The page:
Stories from the past
A crown for Prince Philip
This is an article about King Philip of Belgium, then much younger and prince. In many magazines on this website, you will find articles on Prince Philippe and by extension the entire Belgian royal family as well as foreign monarchs and their relatives.
This article is about Prince Philip of Belgium, who in dei time seemed increasingly destined to become King of Belgium.
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King Philippe of Belgium did have an eventful childhood, and certainly from the moment he was almost certainly going to ascend the throne one day.
He is the eldest son of King Albert II and Queen Paola. He has 1 brother, Prince Laurent of Belgium, and two sisters, Princess Astrid of Belgium and Princess Delphine of Saxe-Coburg. His parents are Albert II of Belgium and Paolo Ruffo di Calabria. He married Mathilde d’Udekem d’Acoz in 1999 and has four children Elisabeth of Belgium, Gabriel of Belgium, Emmanuel of Belgium and Eléonore of Belgium.
At the age of 18, he entered the Royal Military Academy, followed by a passage at Trinity College in Oxford and a master’s degree in political science at Stanford University in California. Meanwhile, it is 1985.
After returning to Belgium in 1985, he immersed himself in his country’s political, economic and social realities. A period of eight years during which he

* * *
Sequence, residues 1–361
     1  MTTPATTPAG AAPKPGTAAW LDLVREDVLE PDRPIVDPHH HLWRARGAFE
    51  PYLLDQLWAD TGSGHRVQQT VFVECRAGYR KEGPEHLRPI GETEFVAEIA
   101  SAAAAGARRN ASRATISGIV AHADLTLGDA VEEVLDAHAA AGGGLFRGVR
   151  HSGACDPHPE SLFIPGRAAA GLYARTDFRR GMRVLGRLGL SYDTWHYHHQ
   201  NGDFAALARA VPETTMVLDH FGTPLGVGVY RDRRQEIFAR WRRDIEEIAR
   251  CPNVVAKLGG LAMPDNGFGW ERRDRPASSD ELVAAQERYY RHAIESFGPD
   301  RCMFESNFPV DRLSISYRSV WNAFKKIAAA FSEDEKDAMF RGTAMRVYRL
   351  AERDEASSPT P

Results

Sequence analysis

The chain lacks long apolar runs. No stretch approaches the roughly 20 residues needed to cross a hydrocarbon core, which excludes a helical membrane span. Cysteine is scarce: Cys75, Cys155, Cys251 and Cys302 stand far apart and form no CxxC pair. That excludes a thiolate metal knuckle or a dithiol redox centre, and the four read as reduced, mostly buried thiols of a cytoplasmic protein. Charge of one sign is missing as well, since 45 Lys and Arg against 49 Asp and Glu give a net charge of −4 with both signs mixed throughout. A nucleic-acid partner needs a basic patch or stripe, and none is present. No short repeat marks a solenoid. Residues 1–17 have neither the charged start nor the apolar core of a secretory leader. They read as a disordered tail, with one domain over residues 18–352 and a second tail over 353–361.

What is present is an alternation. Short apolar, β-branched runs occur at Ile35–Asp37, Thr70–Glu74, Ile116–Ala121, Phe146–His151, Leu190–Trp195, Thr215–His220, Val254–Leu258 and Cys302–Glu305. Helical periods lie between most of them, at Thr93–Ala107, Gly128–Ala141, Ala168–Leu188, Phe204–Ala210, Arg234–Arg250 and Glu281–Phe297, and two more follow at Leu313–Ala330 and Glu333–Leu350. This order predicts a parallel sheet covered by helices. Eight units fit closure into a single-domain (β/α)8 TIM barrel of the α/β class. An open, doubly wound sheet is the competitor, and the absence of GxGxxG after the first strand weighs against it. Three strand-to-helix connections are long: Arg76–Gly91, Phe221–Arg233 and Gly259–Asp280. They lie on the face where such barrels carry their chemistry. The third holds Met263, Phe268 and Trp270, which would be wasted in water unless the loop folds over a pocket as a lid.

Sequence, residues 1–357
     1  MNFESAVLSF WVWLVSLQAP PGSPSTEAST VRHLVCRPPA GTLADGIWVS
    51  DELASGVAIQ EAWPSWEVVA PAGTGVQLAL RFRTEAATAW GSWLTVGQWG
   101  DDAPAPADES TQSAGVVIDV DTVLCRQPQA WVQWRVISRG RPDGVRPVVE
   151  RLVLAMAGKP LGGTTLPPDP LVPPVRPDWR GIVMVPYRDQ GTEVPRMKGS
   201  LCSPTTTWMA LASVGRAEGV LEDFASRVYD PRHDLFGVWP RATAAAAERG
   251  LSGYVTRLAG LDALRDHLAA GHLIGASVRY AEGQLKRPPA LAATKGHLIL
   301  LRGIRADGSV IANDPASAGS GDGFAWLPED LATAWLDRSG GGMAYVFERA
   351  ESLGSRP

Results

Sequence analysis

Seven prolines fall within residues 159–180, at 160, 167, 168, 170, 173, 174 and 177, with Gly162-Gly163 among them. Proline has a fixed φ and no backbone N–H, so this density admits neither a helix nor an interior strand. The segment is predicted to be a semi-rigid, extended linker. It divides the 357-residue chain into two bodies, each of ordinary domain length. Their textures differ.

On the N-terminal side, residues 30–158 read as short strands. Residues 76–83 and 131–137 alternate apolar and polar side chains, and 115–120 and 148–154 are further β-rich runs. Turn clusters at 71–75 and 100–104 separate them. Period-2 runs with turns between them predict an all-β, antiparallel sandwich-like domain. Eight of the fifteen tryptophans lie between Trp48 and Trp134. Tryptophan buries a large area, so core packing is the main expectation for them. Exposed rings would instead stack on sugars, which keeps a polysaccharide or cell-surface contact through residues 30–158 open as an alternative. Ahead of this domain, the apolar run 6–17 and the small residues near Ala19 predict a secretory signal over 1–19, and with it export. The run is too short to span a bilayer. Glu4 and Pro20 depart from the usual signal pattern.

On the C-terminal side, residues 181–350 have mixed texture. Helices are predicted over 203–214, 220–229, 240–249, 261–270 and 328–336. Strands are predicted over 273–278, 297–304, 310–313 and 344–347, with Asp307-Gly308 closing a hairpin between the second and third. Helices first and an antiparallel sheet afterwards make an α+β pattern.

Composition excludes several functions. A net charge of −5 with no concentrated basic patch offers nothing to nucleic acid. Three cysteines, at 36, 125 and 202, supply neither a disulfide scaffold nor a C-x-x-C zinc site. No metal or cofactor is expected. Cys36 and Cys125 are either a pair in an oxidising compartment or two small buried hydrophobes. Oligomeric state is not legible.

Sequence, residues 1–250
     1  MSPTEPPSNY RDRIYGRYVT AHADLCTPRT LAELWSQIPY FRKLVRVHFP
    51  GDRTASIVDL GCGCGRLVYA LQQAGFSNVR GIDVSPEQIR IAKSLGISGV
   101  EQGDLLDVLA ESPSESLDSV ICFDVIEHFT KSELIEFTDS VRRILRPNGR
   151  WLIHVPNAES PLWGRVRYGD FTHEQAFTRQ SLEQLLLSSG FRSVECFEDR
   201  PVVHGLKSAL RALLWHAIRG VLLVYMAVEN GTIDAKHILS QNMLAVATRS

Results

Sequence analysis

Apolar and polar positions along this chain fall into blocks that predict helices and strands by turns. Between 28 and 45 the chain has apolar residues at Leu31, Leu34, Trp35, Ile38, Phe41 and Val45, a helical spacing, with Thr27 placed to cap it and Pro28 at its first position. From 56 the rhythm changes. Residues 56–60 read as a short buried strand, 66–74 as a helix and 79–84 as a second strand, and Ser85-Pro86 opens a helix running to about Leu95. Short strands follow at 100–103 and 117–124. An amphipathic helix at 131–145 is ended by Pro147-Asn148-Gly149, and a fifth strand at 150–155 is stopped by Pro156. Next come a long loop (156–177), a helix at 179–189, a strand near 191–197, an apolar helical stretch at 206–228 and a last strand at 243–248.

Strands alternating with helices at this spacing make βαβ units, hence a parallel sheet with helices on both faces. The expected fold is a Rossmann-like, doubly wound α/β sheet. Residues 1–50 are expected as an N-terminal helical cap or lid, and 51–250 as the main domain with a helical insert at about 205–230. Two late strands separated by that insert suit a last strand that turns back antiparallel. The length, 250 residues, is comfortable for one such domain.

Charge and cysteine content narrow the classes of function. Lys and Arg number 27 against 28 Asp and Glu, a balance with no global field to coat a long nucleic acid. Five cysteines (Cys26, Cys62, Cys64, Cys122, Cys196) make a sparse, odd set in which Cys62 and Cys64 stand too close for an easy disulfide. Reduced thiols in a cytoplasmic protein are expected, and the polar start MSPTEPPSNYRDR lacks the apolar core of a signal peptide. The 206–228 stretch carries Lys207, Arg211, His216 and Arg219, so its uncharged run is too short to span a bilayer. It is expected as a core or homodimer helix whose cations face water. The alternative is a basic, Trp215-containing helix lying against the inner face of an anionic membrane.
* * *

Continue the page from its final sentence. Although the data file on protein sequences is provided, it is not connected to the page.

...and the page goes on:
gets to know Belgium and Belgians, with numerous meetings, visits, conferences and missions initiating him in all aspects of his country’s functioning. During this period, he greatly expanded his knowledge in areas of personal interest such as history, literature and philosophy.
He undertakes many study tours and meets various personalities around the world who are committed as leaders or ordinary citizens.
He closely monitors the European integration process. The King (then Prince Philip) is making several field experiences in the humanitarian domain.
The death of King Baudouin in 1993 marked a turning point in the thirty-three-year-old prince’s life. He becomes the presumptive heir to the throne following the enthronement of his father King Albert II.
From then on, his public role takes over. In doing so, he covers a number of areas in line with the greatest challenges of his time: international missions at the service of the Belgian economy and Belgium’s image abroad, sustainable development, dialogue between communities in Belgium, support for the weak in society and the encouragement of talent. Filip builds a strong dialogue with politicians, with whom he speaks in private or collaborates during missions and activities. Filip takes over the Honorary Presidency of the Foreign Trade Agency (ABH) in 1993. He led no fewer than 85 economic missions over the next 20 years. Filip connects Belgian and foreign companies as well as Belgian companies with each other. After his accession to the throne in 2013, he remains honorary president of the agency and asks his sister Princess Astrid to represent him on economic missions.
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